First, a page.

Do you trust the Congressional GOP to do everything they can to repeal Obamacare if Mitt Romney wins the presidency and if at least 51 GOP senators are elected and the House GOP majority maintained?
Do you trust them to move as quickly as possible to do so?
I do, because the political consequences of failing to do so would be so immense as to cost the GOP their newly won majorities in 2014. If empowered by the voters, the failure to repeal Obamacare will result a massive repudiation of the GOP by its own base.
But large numbers of voters don't see it the way I do. (I hear from them Monday through Friday, on air and off, in person and via the new media.) These activists point to a disappointing 2011 as their reason for skepticism. They point to a series of House votes in 2011 that did not cut spending as deep as they had expected and to the negotiations over the supplemental appropriation in the spring and then the debt ceiling in the summer which did not bring home even one major symbolic victory like an end to NPR funding.
Millions of voters worry that the old line "party of appropriators" will take their time in the spring of 2013 and cut deals just like the Democrats did in the run-up to the passage of Obamacare. They believe that the Beltway culture is one of elitism and privilege and that whatever excuse can be offered for inaction will be offered while the fundraising and lobbying goes on and on.
There is a credibility gap, and that gap could cost crucial votes in the handful of states which Mitt Romney needs to win to get the White House back in responsible hands.
Governor Romney needs to huddle with Speaker John Boehner and Senate GOP Leader Mitch McConnell and come up with a strategy that combats this suspicion, which is deeply held and far wider than most GOP insiders want to admit. That suspicion is going to hobble turnout and it is already a dead weight on enthusiasm and contributions.
They need a very well publicized joint appearance at which they put out a firm pledge of repeal that is accompanied by a detailed plan and a timeline, one that gets into the "tall weeds." They all need to resist the temptation to argue that the public isn't interested in the "tall weeds." The public is very interested in just that set of weeds, and reacts extremely negatively to vagueness and obfuscation because it smacks of condescension. "Reconciliation," which is the process by which repeal of Obamacare will be accomplished, is a lot less complicated than the average business of running a business, and it is aggravating in the extreme to be treated like children and told that the details are too obscure to be trotted out. Social media has empowered the public, allowing very smart people to translate Congress-speak into plain language, and the lack of detail gets translated into charges of deceit even when those charges aren't deserved.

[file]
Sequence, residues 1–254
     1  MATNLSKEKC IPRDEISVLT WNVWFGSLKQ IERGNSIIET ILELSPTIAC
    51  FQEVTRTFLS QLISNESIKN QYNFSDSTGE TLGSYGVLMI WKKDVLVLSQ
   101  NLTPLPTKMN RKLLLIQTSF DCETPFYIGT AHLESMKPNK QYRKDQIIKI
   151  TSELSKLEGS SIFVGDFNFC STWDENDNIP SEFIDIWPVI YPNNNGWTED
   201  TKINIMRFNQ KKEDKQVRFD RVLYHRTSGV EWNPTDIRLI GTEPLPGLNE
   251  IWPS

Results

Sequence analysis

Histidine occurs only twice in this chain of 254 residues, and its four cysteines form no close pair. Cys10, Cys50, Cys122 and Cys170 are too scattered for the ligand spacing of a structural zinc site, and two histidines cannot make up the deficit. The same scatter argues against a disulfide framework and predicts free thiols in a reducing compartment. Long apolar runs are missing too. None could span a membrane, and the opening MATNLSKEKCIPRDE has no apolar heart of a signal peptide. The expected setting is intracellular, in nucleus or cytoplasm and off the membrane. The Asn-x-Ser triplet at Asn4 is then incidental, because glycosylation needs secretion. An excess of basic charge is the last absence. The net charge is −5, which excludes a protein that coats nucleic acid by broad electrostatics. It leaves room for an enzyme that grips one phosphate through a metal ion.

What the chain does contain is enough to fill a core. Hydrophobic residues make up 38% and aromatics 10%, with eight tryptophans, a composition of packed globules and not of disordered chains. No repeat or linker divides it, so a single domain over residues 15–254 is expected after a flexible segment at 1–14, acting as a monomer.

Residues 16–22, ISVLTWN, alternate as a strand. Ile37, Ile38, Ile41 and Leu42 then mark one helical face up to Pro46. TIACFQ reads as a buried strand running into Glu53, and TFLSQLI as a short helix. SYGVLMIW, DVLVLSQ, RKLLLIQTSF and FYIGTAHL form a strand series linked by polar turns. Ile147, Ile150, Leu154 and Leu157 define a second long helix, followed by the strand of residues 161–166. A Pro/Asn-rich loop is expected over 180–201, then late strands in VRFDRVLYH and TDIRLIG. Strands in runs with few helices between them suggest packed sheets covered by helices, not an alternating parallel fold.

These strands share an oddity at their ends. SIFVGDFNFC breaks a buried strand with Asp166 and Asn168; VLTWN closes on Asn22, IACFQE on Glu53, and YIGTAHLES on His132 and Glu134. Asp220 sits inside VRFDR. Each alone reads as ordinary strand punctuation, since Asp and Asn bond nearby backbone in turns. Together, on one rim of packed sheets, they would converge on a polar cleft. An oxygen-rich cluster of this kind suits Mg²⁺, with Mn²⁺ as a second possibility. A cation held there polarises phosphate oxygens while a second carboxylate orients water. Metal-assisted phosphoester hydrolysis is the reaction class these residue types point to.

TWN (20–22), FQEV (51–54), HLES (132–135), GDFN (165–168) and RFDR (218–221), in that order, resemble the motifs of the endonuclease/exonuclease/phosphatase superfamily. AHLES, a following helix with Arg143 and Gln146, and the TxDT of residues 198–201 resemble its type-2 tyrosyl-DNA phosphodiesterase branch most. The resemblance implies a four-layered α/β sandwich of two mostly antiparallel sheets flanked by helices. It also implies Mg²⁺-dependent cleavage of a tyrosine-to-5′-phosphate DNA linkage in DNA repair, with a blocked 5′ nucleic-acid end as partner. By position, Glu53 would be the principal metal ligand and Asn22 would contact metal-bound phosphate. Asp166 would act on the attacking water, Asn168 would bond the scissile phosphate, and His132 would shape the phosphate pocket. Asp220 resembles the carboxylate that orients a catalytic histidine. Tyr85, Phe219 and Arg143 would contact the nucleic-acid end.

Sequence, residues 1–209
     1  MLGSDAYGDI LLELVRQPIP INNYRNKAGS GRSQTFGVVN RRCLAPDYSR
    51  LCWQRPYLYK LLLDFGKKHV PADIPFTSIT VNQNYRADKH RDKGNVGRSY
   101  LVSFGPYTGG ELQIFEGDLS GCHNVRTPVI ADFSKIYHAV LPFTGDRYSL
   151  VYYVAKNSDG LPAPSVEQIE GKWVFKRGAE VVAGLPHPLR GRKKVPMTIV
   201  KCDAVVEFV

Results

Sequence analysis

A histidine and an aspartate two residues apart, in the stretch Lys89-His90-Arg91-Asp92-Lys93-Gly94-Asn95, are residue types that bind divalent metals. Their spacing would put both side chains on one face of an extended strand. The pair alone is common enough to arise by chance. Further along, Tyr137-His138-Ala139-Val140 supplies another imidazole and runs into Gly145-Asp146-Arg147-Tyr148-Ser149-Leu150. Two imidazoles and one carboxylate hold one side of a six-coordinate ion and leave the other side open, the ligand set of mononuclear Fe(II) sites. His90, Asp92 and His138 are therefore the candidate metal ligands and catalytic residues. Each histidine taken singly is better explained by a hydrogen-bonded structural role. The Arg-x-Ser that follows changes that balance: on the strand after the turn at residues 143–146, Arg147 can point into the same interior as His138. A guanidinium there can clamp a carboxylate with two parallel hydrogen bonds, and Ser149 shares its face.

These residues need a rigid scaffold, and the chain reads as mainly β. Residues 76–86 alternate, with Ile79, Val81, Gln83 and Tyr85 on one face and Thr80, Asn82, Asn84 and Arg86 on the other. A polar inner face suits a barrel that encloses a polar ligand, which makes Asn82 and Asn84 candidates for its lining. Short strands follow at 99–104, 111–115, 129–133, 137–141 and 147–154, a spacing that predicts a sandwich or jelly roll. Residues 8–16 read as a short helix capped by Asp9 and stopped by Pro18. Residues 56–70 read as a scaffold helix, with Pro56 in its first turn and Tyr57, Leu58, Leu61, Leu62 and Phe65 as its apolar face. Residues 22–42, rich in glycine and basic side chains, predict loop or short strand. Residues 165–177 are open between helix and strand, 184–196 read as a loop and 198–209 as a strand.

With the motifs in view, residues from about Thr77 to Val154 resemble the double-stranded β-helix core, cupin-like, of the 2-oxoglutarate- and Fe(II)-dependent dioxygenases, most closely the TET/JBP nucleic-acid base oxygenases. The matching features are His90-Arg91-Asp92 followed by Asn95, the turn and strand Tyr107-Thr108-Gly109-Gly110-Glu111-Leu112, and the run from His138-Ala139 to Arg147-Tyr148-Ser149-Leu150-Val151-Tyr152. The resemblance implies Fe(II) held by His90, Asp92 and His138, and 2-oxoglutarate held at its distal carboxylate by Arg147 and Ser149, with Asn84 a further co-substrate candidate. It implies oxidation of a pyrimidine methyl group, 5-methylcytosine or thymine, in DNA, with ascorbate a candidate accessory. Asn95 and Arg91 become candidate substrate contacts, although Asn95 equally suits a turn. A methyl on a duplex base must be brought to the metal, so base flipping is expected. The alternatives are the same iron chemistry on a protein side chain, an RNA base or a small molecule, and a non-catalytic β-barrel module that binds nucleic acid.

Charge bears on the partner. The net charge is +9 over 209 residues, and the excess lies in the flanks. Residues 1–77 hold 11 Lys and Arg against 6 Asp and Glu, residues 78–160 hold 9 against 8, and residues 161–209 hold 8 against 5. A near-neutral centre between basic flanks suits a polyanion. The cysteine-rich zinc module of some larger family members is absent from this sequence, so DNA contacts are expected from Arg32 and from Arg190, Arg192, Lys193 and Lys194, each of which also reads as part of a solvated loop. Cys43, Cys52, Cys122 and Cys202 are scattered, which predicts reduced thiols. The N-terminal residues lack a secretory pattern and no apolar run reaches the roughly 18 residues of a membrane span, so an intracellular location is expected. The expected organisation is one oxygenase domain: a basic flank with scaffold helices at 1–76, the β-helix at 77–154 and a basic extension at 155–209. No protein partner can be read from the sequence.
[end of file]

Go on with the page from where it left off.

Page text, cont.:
One example from Tuesday, July 3.
South Dakota Senator John Thune is one of the GOP's very brightest young lights and extremely popular with the grassroots because he took down Tom Daschle and is always ready, willing and able to engage in the battle of ideas in the media. Thune is on the short list of possible Veeps, and a probable Number 2 or 3 in the GOP's new Senate leadership in 2013 if he isn't replacing Joe Biden as Vice President.
But after his appearance on my radio show Tuesday --the transcript of our conversation is here-- the email and tweet traffic was very negative, and for a very simple reason: He didn't have a clear and concise answer to the most important question on the minds of center-right voters.
Specifically, Senator Thune didn't have a date by which a GOP Congressional majority will have sent a repeal of Obamacare to the White House. He and I tried to explain why the process is complicated by the budget process, and Senator Thune offered up an assurance as to how it might turn out to be quicker than the usual D.C. timetable would ordinarily permit, but the total effect was to telegraph the truth that the GOP hasn't laid out a plan of repeal, only the vaguest of commitments to try and get it done.